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No timetable yet for bus fare increase in Macau

Secretary for Transport and Public Works Raimundo do Rosario said on Tuesday that the government still does not have a timetable as to when a planned increase in public bus fares will be implemented.

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Secretary for Transport and Public Works Raimundo do Rosario said on Tuesday that the government still does not have a timetable as to when a planned increase in public bus fares will be implemented.

The Transport Bureau (DSAT) presented its proposal on the bus fare increase to the Traffic Consultative Council during a regular meeting of the government-appointed council late last month. DSAT Director Lam Hin San spoke to the media about the bus fare hike proposal after that meeting.

The current bus fare system came into force in late 2008, according to which bus passengers pay a discounted rate when using Macau Pass.

Under the current bus fare system, all passengers pay fares ranging from MOP2.8 to MOP6.4 – depending on the bus route they are on – when using cash, while they only pay from MOP2-3 when using Macau Pass. Currently, pupils and students (holding the Student Macau Pass) pay MOP1  for all routes, while senior citizens and the disabled (holding Macau Pass) pay MOP0.30 on all routes.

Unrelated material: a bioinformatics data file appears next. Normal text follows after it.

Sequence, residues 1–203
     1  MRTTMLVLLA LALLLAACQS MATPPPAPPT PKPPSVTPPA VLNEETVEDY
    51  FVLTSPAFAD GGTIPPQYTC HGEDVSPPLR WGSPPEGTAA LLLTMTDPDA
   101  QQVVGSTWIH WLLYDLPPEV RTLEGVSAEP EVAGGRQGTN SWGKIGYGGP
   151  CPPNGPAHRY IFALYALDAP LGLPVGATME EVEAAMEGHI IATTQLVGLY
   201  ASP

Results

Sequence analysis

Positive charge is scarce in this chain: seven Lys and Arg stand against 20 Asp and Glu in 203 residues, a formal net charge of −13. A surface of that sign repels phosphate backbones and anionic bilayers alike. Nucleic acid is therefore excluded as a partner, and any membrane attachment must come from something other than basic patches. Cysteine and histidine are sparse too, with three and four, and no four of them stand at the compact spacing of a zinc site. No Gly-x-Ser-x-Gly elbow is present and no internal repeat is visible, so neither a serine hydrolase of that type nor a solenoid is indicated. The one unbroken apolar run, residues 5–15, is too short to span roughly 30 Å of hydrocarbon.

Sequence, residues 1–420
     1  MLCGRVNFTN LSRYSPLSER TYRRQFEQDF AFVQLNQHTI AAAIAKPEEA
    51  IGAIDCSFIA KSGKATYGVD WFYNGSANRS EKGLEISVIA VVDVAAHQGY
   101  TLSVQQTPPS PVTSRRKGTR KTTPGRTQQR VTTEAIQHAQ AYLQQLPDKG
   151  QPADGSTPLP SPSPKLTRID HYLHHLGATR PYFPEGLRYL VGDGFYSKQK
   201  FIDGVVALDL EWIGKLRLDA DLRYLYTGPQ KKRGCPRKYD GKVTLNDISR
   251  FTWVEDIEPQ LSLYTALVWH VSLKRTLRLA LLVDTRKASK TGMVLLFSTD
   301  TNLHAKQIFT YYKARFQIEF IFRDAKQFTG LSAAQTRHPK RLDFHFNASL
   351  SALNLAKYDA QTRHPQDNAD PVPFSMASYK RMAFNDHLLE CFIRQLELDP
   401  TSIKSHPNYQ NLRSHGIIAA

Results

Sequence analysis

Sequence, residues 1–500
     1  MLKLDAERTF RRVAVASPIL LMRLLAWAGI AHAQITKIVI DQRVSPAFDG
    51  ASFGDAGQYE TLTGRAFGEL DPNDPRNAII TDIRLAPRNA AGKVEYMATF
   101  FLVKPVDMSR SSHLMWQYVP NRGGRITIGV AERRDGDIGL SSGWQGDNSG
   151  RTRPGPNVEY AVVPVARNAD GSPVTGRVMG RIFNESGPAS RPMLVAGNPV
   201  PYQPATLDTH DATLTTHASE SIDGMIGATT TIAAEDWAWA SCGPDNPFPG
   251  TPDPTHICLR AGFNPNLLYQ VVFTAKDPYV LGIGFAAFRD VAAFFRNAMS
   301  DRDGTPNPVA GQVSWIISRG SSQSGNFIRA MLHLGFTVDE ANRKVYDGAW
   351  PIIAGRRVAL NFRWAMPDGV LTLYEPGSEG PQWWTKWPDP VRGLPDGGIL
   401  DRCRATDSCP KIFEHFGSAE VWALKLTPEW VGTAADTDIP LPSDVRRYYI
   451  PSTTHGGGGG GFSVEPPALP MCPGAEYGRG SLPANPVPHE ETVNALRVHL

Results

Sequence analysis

For the planned bus fare increase, the bureau proposes that all passengers pay MOP6 on all routes. The bureau also proposes that passengers using Macau Pass pay MOP3 on regular routes and MOP4 on express routes.

The bureau proposes that senior citizens will pay MOP1.50 during peak hours from 8 a.m. to 9 a.m. and from 6 p.m. to 7 p.m., while the rest of the day they get to travel for free.

According to the Macau Post Daily, the bureau also proposes that pupils and students pay MOP1.50 for regular routes and MOP2 for express routes.

According to the bureau, during the “second phase” of the proposed bus fare increase, non-locals would pay fares different to local residents’ fares when using Macau Pass. The bureau proposes that non-locals will have to pay MOp4 for regular routes and MOP5 for express routes.

Controversially, the category of non-locals would not only comprise visitors but also non-resident workers (popularly known as blue-card holders). Migrant worker groups and social activists have complained about the proposal which would discriminate against imported labour – most of them low-income workers.

Asked about the issue by reporters recently, Rosario said that the planned bus fare hikes were just proposals that could still be changed.
The government has said that the proposed lower fares for locals would amount to “positive discrimination” for them.

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